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Tag: heidegger (page 5 of 7)

Heidegger on Mood

A human being who–as we say–is in good humour brings a lively atmosphere with them. Do they, in so doing, bring about an emotional experience which is then transmitted to others, in the manner in which infectious germs wander back and forth from one organism to another? We do indeed say that mood is infectious. Or another human being is with us, someone who through their manner of being makes everything depressing and puts a damper on everything: nobody steps out of their shell. What does this tell us? Moods are not side-effects, but are something which in advance determine our being with one another. It seems as though a mood is in each case already there, so to speak, like an atmosphere in which we first immerse ourselves in each case and which then attunes us through and through.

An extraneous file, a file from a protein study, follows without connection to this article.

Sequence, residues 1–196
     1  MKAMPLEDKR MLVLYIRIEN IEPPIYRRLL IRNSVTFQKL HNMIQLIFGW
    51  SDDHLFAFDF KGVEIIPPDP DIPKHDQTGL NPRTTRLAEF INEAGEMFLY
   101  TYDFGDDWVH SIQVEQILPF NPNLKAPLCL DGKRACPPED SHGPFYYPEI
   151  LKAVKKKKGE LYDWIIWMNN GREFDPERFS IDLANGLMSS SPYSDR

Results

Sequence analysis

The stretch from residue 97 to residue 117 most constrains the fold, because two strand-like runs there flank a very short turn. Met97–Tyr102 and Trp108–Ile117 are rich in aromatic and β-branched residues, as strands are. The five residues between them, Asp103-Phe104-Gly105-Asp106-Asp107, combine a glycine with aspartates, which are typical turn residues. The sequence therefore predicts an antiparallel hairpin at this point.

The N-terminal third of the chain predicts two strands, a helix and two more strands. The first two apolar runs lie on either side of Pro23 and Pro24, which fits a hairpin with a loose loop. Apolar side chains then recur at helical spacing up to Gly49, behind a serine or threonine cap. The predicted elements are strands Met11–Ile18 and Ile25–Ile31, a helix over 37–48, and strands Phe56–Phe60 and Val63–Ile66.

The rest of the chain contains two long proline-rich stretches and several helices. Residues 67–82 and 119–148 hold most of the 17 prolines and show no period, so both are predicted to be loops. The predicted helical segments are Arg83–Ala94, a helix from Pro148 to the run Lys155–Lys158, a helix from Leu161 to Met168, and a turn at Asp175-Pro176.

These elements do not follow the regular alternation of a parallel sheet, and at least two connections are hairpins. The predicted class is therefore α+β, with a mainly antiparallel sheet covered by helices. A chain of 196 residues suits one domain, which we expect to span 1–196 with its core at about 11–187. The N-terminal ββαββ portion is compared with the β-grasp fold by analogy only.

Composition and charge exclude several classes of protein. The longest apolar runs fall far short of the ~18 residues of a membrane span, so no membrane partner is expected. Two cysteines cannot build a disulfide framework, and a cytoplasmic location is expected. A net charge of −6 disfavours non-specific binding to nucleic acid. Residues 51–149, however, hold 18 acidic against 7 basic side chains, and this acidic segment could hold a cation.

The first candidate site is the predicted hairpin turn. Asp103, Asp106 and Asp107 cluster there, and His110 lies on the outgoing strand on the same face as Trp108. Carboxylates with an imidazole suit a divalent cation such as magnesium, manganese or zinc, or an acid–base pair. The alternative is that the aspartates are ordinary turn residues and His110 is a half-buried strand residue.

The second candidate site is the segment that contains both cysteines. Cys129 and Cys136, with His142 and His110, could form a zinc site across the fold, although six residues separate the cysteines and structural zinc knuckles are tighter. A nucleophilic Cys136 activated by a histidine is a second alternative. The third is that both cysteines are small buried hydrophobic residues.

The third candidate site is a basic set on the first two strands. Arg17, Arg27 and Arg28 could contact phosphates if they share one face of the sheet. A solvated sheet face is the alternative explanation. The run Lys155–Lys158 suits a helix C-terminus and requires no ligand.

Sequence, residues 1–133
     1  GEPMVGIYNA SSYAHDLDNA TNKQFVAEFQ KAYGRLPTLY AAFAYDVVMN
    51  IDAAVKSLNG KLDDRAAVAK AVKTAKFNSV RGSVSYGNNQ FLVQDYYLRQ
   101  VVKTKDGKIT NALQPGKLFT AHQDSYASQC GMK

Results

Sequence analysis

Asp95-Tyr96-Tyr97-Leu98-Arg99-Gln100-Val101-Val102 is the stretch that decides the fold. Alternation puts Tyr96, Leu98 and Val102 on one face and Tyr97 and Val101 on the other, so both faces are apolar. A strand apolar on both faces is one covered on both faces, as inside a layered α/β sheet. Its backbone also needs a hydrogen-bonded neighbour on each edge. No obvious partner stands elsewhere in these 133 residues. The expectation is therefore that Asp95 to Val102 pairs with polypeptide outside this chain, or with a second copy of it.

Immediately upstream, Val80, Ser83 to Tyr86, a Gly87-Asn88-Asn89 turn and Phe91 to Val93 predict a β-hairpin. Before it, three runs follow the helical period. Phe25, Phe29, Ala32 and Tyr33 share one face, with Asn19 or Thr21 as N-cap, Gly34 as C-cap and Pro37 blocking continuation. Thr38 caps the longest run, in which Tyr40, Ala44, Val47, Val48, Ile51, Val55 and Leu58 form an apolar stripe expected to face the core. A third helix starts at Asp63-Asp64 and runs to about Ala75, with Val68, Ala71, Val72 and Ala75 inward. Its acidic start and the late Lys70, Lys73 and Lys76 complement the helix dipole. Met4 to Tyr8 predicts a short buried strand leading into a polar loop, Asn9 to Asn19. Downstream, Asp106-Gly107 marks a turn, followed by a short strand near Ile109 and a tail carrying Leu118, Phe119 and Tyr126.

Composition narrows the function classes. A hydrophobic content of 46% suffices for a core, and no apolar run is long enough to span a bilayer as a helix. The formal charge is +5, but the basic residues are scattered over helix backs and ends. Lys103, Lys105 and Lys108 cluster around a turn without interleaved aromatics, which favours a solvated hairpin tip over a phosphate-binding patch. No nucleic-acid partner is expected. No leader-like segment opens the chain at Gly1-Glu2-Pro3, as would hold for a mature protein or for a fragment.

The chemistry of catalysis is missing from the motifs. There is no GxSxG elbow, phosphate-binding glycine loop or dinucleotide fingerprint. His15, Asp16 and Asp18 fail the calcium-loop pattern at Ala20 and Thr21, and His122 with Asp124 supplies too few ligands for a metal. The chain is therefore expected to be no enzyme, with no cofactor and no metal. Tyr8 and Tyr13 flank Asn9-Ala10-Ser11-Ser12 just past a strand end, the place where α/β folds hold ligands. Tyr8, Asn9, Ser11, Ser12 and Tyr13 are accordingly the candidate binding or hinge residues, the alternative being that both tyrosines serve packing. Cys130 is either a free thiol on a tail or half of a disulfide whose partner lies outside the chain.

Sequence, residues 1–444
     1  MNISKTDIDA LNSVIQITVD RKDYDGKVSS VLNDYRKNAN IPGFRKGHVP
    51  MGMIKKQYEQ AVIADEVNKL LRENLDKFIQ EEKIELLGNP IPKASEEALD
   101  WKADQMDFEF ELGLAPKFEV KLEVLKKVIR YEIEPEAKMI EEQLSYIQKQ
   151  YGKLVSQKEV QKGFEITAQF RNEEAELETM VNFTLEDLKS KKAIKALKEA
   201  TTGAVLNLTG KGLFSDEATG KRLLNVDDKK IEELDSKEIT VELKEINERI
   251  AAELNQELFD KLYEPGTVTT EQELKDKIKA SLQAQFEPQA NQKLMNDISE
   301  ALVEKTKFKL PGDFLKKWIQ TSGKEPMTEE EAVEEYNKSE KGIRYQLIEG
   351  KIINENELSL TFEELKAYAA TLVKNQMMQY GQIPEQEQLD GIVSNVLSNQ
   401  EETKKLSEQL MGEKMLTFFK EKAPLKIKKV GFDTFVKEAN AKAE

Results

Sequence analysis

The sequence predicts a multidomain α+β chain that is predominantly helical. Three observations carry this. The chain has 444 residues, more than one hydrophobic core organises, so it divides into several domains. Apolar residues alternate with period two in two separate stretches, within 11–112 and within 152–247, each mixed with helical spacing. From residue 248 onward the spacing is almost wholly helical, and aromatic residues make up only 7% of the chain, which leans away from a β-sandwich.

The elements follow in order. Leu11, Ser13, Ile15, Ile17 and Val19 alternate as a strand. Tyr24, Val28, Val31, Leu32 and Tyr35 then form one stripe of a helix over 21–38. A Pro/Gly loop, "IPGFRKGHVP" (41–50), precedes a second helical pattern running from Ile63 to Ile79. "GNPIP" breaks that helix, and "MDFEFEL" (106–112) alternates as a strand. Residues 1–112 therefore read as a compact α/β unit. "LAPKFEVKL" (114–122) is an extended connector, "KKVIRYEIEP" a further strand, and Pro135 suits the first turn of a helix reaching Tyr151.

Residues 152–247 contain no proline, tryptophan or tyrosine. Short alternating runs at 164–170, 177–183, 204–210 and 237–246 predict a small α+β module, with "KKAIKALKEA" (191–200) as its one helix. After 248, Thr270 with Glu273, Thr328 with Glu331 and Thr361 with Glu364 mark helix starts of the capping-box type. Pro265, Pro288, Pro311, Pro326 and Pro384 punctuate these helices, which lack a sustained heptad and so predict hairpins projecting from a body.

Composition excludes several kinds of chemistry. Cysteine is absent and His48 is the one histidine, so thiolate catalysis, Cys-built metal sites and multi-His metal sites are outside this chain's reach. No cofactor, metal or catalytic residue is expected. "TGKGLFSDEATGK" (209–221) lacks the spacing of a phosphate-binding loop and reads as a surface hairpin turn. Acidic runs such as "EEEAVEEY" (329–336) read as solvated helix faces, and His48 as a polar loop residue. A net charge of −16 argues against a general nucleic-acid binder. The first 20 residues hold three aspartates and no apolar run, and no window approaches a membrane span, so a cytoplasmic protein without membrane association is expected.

Heidegger, Fundamental Concepts of Metaphysics

Even if you don’t buy the ontology, as I don’t, I think it’s right to say that the idea of pre-cognitive moods and their influence have been played down in notions of public discourse. The area in which they persist is, ironically, psychopathology. People talk about “depressed cognitions,” “manic cognitions,” “ideas of reference,” and so on, as though allowing one’s thoughts to be influenced by one’s prevailing mood sways one from the straight and narrow path of rationality. Of course, this is a total illusion, and the work of Antonio Damasio and other neurologists is confirming what should have been pretty obvious all along: that emotions are indispensable for cognition.